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Cities on the Hill Have Enough Water to Last the Year -- Official

The West Basin Municipal Water District has "banked" water for dry times such as these, says its GM.

Cities served by the Water Basin Municipal Water District should have enough water to last the year, officials said today. Patch photo credit: Penny Arévalo.
Cities served by the Water Basin Municipal Water District should have enough water to last the year, officials said today. Patch photo credit: Penny Arévalo.

A West Basin Municipal Water District official said today Los Angeles should have enough water to make it through the end of the calendar year despite a statewide drought.

Richard Nagel, general manager of the West Basin Municipal Water District, warned at a news conference this morning at the Edward C. Little Water Recycling Facility in El Segundo that if the dry conditions persist and becomes a “mega drought,” a water rationing program may be needed in the future.

“We are in the most severe drought in the modern history of the state of California,” Nagel said.

While some rain fell Thursday in Los Angeles and other parts of the
state, California is still in a drought. Gov. Jerry Brown declared a drought emergency in January.

Brown's emergency proclamation -- which warned that scientific projections predict that California may be headed toward its driest year on record -- was meant to allow quicker transfer of water supplies to areas that most need them and speed up the release of funding for water storage projects.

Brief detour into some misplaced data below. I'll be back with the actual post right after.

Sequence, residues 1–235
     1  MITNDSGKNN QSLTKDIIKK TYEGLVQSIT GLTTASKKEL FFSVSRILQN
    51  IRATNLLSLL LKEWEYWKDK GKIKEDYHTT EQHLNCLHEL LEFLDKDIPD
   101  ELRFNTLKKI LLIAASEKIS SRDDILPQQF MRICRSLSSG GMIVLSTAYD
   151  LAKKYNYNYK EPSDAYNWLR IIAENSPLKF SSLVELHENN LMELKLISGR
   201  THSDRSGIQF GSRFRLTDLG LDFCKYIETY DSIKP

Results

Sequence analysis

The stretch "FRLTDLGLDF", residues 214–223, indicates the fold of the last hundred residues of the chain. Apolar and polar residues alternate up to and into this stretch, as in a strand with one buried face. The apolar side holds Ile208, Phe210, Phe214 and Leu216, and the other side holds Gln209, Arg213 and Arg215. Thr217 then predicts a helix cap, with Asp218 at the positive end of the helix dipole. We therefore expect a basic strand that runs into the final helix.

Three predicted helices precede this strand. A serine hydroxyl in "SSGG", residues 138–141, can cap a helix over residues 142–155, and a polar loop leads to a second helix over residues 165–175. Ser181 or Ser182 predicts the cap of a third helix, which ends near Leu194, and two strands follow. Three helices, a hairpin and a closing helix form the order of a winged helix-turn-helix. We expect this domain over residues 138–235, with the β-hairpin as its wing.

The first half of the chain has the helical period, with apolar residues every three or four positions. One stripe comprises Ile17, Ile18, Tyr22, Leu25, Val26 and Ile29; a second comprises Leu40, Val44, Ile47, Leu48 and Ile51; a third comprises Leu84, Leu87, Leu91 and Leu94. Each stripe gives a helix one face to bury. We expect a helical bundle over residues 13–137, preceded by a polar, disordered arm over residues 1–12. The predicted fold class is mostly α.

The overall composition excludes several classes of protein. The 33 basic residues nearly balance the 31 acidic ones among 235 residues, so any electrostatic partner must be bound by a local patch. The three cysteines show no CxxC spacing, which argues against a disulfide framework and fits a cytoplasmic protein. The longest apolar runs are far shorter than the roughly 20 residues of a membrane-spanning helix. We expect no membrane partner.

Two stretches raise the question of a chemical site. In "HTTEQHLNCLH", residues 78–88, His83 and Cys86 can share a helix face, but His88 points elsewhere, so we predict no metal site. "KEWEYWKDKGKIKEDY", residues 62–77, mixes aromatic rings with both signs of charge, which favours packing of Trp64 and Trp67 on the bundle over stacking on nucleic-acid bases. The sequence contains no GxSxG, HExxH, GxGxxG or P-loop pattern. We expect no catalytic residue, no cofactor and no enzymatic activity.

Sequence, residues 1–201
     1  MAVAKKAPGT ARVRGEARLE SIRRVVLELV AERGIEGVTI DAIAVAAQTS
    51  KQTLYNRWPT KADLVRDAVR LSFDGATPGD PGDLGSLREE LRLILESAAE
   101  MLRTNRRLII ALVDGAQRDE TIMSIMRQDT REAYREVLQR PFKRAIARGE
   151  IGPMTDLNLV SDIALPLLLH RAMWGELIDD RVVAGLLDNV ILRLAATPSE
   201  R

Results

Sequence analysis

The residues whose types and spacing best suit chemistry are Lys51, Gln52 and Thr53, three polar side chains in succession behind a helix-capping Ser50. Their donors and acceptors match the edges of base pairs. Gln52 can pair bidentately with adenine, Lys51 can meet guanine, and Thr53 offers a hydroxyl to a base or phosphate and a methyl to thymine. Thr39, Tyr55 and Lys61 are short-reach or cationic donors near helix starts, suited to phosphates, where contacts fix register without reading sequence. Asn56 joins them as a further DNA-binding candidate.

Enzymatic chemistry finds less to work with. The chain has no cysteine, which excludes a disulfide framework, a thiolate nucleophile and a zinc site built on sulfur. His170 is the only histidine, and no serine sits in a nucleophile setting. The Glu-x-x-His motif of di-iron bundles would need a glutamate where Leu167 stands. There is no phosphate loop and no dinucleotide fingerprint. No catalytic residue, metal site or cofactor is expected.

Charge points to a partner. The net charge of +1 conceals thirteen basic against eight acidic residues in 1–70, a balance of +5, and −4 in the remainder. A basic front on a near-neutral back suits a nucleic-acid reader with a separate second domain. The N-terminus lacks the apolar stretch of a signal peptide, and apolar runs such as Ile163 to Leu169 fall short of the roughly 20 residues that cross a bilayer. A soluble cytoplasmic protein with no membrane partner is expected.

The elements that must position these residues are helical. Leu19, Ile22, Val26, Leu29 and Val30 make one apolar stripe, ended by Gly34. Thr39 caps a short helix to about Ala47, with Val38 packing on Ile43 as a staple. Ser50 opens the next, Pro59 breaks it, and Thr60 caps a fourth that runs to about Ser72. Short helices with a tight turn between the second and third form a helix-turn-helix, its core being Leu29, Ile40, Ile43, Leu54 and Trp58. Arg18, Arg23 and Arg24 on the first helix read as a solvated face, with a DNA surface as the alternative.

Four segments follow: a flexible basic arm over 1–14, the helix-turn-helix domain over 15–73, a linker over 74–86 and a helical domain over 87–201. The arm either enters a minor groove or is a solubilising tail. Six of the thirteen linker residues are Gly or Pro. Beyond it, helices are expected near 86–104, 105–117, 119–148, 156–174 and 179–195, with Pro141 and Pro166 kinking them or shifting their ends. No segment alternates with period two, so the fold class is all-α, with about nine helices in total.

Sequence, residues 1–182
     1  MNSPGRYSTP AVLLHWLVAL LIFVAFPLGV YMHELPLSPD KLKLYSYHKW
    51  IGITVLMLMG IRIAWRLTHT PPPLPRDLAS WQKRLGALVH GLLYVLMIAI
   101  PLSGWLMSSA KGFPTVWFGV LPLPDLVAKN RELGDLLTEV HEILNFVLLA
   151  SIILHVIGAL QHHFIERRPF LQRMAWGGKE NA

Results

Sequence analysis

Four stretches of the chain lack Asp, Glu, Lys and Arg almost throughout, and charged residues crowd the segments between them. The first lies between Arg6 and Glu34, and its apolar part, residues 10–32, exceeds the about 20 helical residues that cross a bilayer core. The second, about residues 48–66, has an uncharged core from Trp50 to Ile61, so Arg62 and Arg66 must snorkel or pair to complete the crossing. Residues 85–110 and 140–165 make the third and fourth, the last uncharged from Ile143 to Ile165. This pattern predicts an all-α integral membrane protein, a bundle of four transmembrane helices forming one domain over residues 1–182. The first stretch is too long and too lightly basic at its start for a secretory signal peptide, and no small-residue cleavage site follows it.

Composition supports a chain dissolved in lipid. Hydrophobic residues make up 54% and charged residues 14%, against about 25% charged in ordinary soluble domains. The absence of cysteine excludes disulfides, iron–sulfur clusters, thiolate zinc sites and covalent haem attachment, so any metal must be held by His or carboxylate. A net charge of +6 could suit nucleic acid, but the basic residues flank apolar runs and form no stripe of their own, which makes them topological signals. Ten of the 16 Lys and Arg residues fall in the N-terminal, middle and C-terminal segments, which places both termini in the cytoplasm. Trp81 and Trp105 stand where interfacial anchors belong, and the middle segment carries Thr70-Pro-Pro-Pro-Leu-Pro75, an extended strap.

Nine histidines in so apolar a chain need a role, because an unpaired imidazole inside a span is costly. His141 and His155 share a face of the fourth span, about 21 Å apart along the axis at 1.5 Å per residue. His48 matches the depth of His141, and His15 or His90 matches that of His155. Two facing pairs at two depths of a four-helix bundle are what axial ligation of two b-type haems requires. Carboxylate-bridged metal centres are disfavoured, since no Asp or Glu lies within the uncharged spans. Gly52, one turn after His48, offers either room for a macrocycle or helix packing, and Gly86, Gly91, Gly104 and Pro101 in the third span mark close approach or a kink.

The West Basin Municipal Water District, which serves Southwest Los Angeles County and West Hollywood, has worked to invest in new water storage systems over the years, Nagel said.

“We've banked water that now we can use during these dry times,” Nagel said.

During the news conference, Assemblyman Isadore Hall, III, D-Los Angeles, called for a statewide water bond on the November ballot that would increase water capacity and clean existing water sources in Los Angeles County that would help reduce the need for Northern California water.

He said the bond will not be the only solution, adding “no amount of money can produce water that does not exist.”

Hall said a recent snow pack measurement shows the state has received only 12 percent of the average precipitation for this time of the year, and that Lake Mead and Lake Powell are only half full.

--City News Service

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